Ambulance paramedics in Los Angeles County, California, have been told not to transport patients who have extremely low chances of survival.
The directive comes as officials say hospitals are overrun with patients and the region could soon hit over 1,000 Covid-related deaths per day.
Emergency workers have also been told to ration oxygen, which is in short supply due to the pandemic.
New York City issued a similar directive to ambulance workers in April 2020 at the height of the city’s Covid outbreak, instructing them not to bring in patients who were unable to be resuscitated at the scene.
The LA County Department of Public Health reported over 9,000 new Covid cases on Monday, and an additional 77 deaths. The county, which is the worst hit in the US, has recorded over 800,000 coronavirus cases and nearly 11,000 deaths since the start of the pandemic.
Hospitals in California, which are already at maximum capacity, have begun warding patients in gift shops, parking lots and outdoor tents. Ambulances are having to queue outside hospitals for hours as they wait for Emergency Room workers to take their patients.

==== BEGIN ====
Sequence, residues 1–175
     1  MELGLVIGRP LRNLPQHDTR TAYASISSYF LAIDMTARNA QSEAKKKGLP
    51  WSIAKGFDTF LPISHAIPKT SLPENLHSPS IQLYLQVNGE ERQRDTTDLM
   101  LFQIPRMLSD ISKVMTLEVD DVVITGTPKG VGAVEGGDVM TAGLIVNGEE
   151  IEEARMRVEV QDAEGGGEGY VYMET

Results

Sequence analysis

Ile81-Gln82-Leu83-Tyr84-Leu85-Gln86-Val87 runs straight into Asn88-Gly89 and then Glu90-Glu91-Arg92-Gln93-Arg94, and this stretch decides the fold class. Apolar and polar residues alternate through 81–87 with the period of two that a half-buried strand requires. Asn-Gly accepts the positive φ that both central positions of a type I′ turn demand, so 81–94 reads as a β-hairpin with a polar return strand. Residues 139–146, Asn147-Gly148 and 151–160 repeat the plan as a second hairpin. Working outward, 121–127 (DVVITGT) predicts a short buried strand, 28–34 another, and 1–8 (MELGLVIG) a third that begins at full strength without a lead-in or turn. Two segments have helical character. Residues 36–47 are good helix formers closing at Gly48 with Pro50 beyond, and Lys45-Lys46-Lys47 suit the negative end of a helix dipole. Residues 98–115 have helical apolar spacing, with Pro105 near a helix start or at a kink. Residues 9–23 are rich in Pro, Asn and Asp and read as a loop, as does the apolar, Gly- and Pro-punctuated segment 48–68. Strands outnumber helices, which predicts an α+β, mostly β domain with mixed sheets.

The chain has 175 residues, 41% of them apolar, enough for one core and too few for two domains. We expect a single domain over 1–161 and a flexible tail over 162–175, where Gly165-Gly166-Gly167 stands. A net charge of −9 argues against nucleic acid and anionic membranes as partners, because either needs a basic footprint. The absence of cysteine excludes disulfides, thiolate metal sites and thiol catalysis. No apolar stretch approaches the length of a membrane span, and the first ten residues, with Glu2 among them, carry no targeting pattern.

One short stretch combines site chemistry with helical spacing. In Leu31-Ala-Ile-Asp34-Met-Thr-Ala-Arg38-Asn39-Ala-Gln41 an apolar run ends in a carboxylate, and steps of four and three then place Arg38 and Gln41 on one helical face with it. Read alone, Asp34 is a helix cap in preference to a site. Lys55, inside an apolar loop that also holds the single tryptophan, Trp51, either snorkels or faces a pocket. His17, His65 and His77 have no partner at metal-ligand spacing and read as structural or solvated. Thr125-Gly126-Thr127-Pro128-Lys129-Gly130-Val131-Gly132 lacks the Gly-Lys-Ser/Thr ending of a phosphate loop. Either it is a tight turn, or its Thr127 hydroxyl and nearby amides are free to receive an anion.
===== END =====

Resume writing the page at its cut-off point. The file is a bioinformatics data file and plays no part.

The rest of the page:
Dr Marianne Gausche-Hill, the medical director of LA County’s Emergency Services Agency, who issued the latest directives, told CBS News that ambulance workers will continue to work to save lives of patients at the scene.
“We are not abandoning resuscitation,” she said. “Treating heart attack and stroke patients at the scene can increase chances of survival but what we’re emphasising is the fact that transporting Covid-19 patients who cannot be resuscitated leads to very poor outcomes.”
The US as a whole has now broken its record for the number of coronavirus patients in hospital.
On Monday, 2,800 Americans were admitted for Covid-19, the highest daily total yet. This brings the total number in hospital to 128,210, according to the Covid Tracking Project. Over 23,000 patients were listed as in intensive care.
In California, the number of patients in hospital for coronavirus has doubled in the past month. The LA mayor said on Sunday that a new infection occurs there every six seconds.